Funded by Hooters of America, LLC
Fewer than 5% of adult cancer patients in the United States are enrolled in clinical trials. In addition, minorities constitute a small proportion of individuals participating in cancer studies. These strikingly low figures delay scientific advances, limit generalizability of trial results, and limit patient access to cutting-edge therapies. Proposed reasons for low accrual include lack of study availability, stringent eligibility criteria, physicians’ biases and lack of awareness, logistical issues, and patient mistrust.
Parkland Health and Hospital System (PHHS) serves as the safety-net hospital for Dallas County. Parkland, in partnership with the University of Texas Southwestern, provides medical care to a large population that disproportionately includes underserved minorities. Cancer patients presenting to Parkland are typically diagnosed at a more advanced stage and are more likely to have had delays in their care.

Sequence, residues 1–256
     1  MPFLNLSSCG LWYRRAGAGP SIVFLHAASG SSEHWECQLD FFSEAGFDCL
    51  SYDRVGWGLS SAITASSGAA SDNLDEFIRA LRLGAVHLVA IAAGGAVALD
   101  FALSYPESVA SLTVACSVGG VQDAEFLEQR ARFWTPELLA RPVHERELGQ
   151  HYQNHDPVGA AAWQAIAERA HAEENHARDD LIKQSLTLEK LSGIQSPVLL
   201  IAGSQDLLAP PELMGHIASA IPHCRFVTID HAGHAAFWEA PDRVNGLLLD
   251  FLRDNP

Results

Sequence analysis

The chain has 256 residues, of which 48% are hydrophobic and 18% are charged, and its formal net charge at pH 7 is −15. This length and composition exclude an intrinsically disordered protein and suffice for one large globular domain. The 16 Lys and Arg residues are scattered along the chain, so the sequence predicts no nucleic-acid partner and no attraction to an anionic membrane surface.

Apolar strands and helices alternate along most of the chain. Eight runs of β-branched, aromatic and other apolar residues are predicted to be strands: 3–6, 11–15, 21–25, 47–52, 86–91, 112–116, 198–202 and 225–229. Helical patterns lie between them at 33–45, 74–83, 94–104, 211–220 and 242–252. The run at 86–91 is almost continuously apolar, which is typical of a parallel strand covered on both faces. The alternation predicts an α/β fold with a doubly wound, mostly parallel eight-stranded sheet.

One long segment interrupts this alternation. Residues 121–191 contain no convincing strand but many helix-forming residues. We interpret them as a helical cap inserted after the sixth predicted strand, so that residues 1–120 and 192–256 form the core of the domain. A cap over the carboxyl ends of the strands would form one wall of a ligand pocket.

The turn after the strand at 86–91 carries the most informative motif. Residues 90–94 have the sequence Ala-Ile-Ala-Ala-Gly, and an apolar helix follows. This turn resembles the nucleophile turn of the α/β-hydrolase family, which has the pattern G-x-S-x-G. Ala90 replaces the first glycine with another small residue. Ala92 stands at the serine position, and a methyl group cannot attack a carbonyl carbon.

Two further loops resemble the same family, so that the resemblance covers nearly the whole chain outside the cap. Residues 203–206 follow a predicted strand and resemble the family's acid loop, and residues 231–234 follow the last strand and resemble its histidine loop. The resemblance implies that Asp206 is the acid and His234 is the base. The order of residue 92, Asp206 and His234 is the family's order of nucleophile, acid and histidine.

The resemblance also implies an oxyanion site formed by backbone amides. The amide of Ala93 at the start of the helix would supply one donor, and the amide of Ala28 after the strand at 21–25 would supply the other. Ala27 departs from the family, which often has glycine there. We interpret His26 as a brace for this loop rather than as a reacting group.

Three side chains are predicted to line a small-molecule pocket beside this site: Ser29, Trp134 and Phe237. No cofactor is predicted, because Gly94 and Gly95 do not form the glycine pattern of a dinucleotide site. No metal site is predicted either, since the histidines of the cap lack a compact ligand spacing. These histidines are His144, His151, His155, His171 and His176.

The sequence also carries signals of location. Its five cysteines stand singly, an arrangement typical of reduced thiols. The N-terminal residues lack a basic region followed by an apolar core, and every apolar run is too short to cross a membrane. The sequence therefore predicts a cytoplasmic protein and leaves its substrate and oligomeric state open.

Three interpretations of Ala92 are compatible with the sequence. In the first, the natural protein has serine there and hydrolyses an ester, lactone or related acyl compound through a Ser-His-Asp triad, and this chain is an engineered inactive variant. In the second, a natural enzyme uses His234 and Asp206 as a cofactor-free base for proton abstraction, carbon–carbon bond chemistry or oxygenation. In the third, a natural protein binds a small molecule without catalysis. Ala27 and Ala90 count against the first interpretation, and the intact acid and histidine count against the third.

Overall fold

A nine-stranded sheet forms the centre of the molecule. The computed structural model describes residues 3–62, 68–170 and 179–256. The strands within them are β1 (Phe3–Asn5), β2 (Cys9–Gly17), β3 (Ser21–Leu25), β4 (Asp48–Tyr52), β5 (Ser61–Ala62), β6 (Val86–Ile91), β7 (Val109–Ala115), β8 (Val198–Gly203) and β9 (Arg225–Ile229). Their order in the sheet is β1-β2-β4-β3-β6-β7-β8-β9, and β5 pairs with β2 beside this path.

Based on our previous observations, we believe that the greatest potential impact lies in addressing specific and modifiable aspects of patient care. We therefore propose a Breast Cancer Clinical Research Navigator with a role distinct from research coordinators that will focus on early identification of trial candidates, expediting initial patient evaluation, and improving provider awareness of trial options.
We believe that engaging a Breast Cancer Clinical Research Navigator in the ways outlined above, will result in early and integrated consideration and presentation of trial options and will impact both patient and clinician interest in clinical trials, thereby augmenting accrual.